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With the alias of Old Tiger (in Chinese), it belongs to the Felidae family of Carnivora order. Its scientific name is Panthera tigris (Latin), or Tiger (English).     

It is the largest catamount existing in China. Its body length is 140 to 280 centimeters, and the tail length is 60 to 90 centimeters. The male Northeast Tiger weighs 180 to 306 kilograms, and the female weighs 90 to 120 kilograms; the male South China Tiger weighs 149.6 to 225 kilograms, and the female weighs 90 to 120 kilograms. Its huge body has round head, stout four limbs, and sturdy physique. Its forepaw has long and acuminate claw, which can shrink. Its ear is short and round, and black on the back of the ears, with a white spot. The upper half of its hair is jacinth, russet or orange yellow. Its body and four limbs have a series of black narrow cross-striation. Some regions are double cut. Its belly is white, and the black lines are distinct. Black lines of the tail are arranged in a horizontal way, and the point of the tail is black.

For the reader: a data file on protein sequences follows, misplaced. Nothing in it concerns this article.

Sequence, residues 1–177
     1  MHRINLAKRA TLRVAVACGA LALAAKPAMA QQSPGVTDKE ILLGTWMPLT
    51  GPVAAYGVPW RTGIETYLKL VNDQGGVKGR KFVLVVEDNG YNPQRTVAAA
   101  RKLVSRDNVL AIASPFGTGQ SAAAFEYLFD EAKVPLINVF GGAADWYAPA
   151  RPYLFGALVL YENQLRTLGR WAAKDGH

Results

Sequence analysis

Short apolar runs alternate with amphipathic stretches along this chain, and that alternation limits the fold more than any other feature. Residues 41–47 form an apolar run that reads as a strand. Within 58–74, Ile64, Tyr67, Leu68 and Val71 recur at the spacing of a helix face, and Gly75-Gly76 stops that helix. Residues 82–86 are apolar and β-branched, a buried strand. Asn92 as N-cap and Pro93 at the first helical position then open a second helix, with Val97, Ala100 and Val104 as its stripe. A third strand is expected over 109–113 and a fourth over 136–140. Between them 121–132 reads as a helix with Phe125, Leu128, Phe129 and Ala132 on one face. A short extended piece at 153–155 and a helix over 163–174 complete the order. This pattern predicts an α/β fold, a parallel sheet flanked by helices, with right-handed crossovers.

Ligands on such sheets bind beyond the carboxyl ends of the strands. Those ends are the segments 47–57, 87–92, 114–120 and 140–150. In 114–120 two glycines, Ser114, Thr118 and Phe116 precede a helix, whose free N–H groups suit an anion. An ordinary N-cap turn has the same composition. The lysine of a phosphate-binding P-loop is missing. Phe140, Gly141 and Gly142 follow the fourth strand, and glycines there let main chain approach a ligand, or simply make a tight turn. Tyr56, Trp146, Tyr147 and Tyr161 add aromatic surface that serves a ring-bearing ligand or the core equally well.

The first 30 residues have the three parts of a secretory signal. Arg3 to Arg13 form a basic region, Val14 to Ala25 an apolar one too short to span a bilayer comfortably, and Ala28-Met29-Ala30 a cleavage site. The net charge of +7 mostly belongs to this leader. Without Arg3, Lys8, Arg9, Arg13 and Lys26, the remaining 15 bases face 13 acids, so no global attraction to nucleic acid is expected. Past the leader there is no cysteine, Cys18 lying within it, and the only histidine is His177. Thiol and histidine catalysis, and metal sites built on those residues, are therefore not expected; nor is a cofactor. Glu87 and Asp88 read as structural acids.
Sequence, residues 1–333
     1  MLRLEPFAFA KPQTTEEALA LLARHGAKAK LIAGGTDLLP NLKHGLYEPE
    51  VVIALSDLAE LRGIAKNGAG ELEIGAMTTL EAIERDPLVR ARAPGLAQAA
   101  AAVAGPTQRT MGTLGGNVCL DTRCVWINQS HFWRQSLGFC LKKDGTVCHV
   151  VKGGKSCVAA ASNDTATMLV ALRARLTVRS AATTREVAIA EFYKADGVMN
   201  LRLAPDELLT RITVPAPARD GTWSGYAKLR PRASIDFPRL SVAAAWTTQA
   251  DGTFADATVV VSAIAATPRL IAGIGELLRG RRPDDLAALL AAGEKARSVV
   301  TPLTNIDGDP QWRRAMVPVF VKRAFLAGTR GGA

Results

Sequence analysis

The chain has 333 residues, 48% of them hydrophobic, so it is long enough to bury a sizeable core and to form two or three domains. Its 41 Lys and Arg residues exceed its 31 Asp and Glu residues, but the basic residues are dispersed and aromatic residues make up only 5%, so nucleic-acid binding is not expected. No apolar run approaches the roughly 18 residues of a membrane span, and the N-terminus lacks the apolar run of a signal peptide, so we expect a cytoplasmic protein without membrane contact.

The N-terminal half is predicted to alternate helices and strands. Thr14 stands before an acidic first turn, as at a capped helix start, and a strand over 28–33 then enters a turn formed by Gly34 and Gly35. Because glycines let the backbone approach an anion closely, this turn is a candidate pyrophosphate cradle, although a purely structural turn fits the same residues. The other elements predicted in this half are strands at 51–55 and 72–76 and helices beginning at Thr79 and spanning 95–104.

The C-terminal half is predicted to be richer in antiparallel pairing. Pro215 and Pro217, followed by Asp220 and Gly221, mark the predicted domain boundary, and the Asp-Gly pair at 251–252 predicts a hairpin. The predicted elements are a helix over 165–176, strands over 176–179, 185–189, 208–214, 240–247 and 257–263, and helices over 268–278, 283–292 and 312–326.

It inhabits in various types of forests. Except in the periods of oestrus, mating and fostering babies, it mostly leads a solitary life. It mainly moves about at night, preying on animals of 10 to 100 kilograms, or some 160 to 400 kilograms sambars and buffalos. In a typical case, Tiger can eat 17 to 27 kilograms of meat each time, and the larger tiger can eat 35 kilograms of meat in every meal. Tiger mainly preys mammals with relatively large body, especially ungulate, but also preys small animals such as bird, crawl, fish, frog, crab, and locust.

Its oestrus is mostly in January to February. Its gestation period lasts 90 to 105 days, with one fetus every 1 to 2 years and 1 to 6 babies per fetus, but usually with 2 to 3 babies. The new-born tiger weighs 500 to 600 grams. About 10 days later, it can open its eyes. The suckling period is about 3 months. After following the tigress for 18 to 24 months, young tiger will move about alone. It grows to sexual maturity at the age of 3. Under breeding condition, it has a lifespan of up to 23 years.

It is distributed in the regions of Northeast, East China and South China, with the existing quantity of less than 100 heads. In the regions of Qinling Mountains and south of the Yangtze River, the quantity is much smaller.

Tiger has been listed in Appendix I of International Trade Convention on Endangered Wild Animal and Plant Species.